87 Pages Posted: 8 Oct 2008 Last revised: 20 Jun 2016
Date Written: September 12, 2013
This text is a partial English translation of the Civil Code of the Macau Special Administrative Region of the People’s Republic of China. The Macau Civil Code was approved by Decree-Law no. 39/99/M, of August 3, just a few months before the transfer of sovereignty over Macau from Portugal to China.
In terms of genealogy, the 1999 Code is in essence an updated, improved and ‘localized’ version of the 1966 Portuguese Civil Code, which in turn is heavily influenced by the German Civil Code (BGB). The Code is therefore a ‘grandson’ of the BGB, although clearly other influences are also present. Nevertheless, this origin reflects a shift towards German legal science by the Portuguese academic legal community, which took place from the early years of the twentieth century.
The division used in the Civil Code is, unsurprisingly, the so-called German classification of civil law branches, created during the nineteenth century by the German Pandectist movement, and also used by the BGB, which separates between:
I. General part
II. Law of obligations
III. Property law
IV. Family law
V. Succession law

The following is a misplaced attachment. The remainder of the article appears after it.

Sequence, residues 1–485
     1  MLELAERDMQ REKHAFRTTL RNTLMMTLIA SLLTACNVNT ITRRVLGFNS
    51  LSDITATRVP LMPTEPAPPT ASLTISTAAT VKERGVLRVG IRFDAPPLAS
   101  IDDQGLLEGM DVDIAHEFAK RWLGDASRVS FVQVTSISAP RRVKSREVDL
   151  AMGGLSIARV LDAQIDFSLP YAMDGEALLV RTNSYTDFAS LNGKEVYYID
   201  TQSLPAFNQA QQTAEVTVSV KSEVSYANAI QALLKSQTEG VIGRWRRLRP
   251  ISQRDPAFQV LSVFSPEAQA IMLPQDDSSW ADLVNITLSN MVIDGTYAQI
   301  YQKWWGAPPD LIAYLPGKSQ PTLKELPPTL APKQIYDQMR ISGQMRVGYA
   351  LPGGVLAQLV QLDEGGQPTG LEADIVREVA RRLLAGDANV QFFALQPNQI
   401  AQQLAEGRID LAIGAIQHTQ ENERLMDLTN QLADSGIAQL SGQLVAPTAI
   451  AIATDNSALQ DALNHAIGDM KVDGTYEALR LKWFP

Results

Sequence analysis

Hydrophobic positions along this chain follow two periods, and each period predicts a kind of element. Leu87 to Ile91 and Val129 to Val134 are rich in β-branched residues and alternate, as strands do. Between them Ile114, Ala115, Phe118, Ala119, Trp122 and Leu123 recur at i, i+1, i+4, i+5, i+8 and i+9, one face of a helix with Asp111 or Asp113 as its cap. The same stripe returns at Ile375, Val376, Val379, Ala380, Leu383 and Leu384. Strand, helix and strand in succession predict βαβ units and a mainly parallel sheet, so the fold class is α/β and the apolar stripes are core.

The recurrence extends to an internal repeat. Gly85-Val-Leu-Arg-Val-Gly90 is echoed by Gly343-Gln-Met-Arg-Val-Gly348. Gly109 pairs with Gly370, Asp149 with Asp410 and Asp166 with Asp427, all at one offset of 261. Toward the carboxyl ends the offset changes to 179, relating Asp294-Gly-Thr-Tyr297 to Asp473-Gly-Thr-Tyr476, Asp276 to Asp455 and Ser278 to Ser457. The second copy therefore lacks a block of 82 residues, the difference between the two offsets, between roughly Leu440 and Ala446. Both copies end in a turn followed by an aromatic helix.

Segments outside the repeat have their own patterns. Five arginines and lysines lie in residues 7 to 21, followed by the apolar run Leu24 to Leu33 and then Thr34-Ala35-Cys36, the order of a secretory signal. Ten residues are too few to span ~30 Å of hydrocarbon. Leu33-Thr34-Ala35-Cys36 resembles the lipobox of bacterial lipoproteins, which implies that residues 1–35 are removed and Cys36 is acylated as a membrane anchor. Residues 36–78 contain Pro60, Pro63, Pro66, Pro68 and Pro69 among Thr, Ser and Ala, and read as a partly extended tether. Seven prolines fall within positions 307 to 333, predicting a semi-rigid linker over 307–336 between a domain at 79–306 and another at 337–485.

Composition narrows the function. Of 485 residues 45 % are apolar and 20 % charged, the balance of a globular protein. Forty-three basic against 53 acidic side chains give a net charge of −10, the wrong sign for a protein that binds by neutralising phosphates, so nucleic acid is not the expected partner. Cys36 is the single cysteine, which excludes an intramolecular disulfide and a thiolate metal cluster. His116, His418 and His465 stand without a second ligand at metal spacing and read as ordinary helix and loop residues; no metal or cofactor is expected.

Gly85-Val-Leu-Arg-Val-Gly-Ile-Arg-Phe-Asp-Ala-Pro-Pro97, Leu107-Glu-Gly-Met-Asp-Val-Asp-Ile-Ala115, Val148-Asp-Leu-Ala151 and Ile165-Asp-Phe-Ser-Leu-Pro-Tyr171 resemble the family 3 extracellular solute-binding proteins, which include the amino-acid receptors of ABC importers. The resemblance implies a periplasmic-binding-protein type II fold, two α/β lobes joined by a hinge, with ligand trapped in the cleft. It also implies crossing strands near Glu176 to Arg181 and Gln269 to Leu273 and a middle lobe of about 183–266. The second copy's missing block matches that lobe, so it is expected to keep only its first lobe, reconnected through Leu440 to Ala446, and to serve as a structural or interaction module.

One feature of the legal tradition in which the Civil Code fits is the extensive use of very abstract and technical concepts, which are intended to be precise, logical and consistent, almost ‘scientific’. This conceptual refinement is typical of civil law legal systems and flows from the German Pandectist tradition that produced the BGB. For more details, see Jorge Godinho, Macau business law and legal system, Hong Kong, LexisNexis, 2007.
The importance of the existence of a translation of the Civil Code into English cannot be overemphasized. The Civil Code is the basic foundation of private law and especially of business transactions. The fundamental concepts and regulation of contracts and of property law and civil liability (torts) can be found in the Civil Code, namely the detailed rules on the mortgage, bond, purchase and sale, loan, conclusion and performance of contracts, and many other matters of direct interest to business transactions. The Civil Code is the basis for the regulation of all business activities, and it is the legal foundation upon which the Commercial Code is built.
An attempt was made to produce an accurate and consistent translation, employing a modern and elegant style of English writing, consistent with the translation of the Commercial Code. This is obviously a rather difficult task, both in quantitative and qualitative terms. More than a translation, it is, in fact, a highly specialized work of legal research, given that the search for the appropriate equivalent terms and expressions involves considerable comparative law research.
A word of thanks is due to all my students: with clinic eye, they greatly helped to improve the translation.
The author gladly welcomes all comments, suggestions or requests for inclusion of specific articles by e-mail.
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